Algoma will set a new record in overdose-related deaths this year.
Attempted break and enters are up 143 percent cumulatively year over year.
These are just a few of the stats we have uncovered in our investigation into crime in Sault Ste. Marie and Algoma.
Sault Online, using statistics provided by Sault Police Services as well as referencing Algoma Public Health and Maclean’s magazine are making sense of the numbers for you.
The most recent numbers are provided by our local police force during their Police Service Board meeting. Year to year stats comparing January to August of 2019 with the same period this year:
- Overall reported incidents are down in the city
- Attempted break and enters are up 143 per cent
- Thefts from vehicles are up almost 57 per cent
- Break and Enters to businesses are up almost 44 per cent
The police chief during the meeting said there are some things in the works including patrols etc. of the areas hardest hit. He noted it will be announced over the coming weeks.
Many stats have trended down year over year but these three verify what is reported on social media every day, it seems to be getting worse.
Jordan Robson, epidemiologist at Algoma Public Health provided data for us to share with our readers:
- Since 2015, the Algoma region has been experiencing a rise in opioid-related deaths
- 2018 was previously the worst year on record, with 26 opioid-related deaths in Algoma that year
- In the first half of 2020, there have already been 26 confirmed opioid-related deaths and 4 deaths that are likely opioid-related but not yet confirmed
- This puts Algoma on pace to experience between 52 and 60 opioid-related deaths in 2020 if the current pace continues
- The trend of 2020 being the worst year on record for opioid-related deaths is not just observed in Algoma
- Similar to Algoma, the North East PHUs overall are seeing higher opioid-related deaths in 2020 as well, with 105 through the first 6 months compared to a high of 119 all of last year
Other stats provided by Algoma Public Health’s website show:
- Emergency department visits because of opioids has climbed since 2017
- The stats show Summer of both 2017 and 2019 were the worst times in the past 4 years for these types of visits
- According to the Crude Death Rate, men and women aged 25 – 64 are the most likely candidates for overdose death from 2015 -2019. With men and women aged 25-44 being the highest risk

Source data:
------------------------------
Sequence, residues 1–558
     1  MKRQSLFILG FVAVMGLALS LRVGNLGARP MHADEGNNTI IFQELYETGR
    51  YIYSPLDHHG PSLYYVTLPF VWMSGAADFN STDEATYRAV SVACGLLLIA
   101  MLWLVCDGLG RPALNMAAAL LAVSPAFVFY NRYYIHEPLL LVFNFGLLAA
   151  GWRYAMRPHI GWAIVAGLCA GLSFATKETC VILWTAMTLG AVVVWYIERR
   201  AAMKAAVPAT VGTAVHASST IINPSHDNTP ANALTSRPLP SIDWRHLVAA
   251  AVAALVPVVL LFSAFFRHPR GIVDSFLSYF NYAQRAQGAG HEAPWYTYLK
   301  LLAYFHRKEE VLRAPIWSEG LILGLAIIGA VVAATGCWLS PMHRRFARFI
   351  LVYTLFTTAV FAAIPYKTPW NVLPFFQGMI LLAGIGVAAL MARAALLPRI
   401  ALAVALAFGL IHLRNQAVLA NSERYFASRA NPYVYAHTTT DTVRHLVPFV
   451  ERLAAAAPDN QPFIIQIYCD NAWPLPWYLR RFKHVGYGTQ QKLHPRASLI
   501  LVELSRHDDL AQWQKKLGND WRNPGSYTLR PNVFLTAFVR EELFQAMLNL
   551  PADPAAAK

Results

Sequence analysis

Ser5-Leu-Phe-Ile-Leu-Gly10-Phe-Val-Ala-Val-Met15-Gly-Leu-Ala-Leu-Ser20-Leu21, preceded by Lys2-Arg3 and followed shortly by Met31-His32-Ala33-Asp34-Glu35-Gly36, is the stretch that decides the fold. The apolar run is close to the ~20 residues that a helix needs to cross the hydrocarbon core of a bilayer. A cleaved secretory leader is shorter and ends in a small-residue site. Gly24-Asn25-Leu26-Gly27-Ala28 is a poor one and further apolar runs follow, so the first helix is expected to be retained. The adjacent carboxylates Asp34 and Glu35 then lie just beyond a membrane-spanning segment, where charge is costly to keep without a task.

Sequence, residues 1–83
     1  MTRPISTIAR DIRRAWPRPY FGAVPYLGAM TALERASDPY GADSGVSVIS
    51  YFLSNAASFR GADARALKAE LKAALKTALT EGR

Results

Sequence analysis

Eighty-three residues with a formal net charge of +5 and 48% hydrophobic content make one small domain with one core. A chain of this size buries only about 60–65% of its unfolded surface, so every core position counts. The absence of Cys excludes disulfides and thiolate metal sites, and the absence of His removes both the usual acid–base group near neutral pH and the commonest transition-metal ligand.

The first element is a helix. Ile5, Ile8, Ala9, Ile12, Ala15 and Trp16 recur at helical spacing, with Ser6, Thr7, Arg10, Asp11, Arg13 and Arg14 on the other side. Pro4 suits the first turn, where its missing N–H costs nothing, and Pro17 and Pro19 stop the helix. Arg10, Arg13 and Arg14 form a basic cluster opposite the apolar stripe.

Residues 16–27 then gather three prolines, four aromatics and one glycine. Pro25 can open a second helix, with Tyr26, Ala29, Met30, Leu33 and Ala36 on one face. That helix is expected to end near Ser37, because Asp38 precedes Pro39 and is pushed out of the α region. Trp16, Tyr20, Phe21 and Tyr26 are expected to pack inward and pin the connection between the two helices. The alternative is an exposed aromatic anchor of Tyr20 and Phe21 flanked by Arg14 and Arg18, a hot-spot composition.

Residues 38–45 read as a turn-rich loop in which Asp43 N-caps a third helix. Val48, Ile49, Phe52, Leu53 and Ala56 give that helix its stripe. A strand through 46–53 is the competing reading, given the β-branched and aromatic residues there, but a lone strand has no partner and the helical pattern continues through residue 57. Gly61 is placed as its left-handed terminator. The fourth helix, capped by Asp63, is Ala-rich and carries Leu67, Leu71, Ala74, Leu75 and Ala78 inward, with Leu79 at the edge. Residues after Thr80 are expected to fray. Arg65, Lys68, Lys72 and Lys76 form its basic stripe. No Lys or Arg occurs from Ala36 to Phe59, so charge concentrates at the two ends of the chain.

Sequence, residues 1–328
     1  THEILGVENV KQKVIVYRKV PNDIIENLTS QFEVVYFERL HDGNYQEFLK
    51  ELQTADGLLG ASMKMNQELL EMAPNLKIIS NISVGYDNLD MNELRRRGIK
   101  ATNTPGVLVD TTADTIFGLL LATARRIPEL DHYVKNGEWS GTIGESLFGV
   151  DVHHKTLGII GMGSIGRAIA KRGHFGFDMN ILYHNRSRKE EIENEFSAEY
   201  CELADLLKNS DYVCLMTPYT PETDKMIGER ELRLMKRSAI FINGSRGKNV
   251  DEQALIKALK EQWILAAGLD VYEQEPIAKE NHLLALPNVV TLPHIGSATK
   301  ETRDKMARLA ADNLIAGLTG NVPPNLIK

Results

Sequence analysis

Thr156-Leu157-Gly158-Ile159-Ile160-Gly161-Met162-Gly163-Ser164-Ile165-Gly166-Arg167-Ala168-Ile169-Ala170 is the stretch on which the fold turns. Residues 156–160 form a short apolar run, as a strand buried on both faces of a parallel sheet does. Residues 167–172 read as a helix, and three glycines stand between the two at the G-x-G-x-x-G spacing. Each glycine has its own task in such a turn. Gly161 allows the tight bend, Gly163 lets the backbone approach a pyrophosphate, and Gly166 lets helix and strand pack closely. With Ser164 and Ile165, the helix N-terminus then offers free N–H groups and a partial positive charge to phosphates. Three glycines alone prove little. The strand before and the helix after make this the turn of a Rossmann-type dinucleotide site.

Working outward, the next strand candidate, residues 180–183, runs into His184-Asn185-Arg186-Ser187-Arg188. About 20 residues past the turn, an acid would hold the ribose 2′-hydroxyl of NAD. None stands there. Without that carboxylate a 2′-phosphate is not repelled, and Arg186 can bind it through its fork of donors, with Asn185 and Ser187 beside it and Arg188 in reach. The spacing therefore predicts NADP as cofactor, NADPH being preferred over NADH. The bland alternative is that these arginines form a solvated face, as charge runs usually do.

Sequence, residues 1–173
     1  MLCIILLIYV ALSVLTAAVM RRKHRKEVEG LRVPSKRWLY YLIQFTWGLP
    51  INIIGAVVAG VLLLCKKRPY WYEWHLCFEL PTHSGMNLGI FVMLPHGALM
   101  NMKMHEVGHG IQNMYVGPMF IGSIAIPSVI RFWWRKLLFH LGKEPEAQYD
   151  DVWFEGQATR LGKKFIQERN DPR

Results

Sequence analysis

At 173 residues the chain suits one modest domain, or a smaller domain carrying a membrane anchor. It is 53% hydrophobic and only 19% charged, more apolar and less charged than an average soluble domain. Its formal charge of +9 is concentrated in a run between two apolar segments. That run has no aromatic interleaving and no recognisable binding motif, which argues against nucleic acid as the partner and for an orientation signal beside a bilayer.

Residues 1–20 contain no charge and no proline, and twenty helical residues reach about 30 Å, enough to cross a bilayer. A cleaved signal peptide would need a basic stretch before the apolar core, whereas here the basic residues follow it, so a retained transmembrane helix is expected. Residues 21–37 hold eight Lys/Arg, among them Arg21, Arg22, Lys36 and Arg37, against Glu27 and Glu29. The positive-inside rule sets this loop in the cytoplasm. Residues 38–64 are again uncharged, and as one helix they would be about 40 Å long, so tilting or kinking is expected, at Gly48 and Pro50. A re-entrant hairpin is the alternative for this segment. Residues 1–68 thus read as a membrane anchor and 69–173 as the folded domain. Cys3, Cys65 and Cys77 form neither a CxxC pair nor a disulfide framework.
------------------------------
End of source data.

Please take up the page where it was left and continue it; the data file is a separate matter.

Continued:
Vice brought some of these stats right to Mayor Provenzano a few years ago. They pointed out 40-50 people were overdosing a month and they didn’t have the community support. Provenzano said in that interview he wasn’t really made aware of this because other issues had got his attention.
“This isn’t to diminish this issue because I in no means want to diminish the issue,” said Provenzano to the Vice News team. “This isn’t an issue that has been raised with me significantly… I don’t think that there has been an intentional effort not to talk about or address this issue.”
When reviewing the Maclean’s magazine data some statistics really stick out. Posted in November of 2019 it quotes statistics available in 2018. Sault Ste. Marie is listed as the 61st most dangerous place to live when talking about violent crimes.
The Crime Severity Index is used as a Statistics Canada measure of all police-reported crime, which takes into consideration both the volume and seriousness of offences.
With a Crime Severity Index of 113 Sault Ste. Marie ranks 43 in Canada. The Canadian Average is 75.01.
Regarding the five-year change in crime – SSM has risen to 22nd most dangerous city in Canada with regard to increasingly worsening crime.
This is a problem. As we go forward more solutions including some very outside-the-box thinking have been pitched at Sault Online and we will be bringing them to you in an upcoming segment.
All the supporting graphs for this can be found below.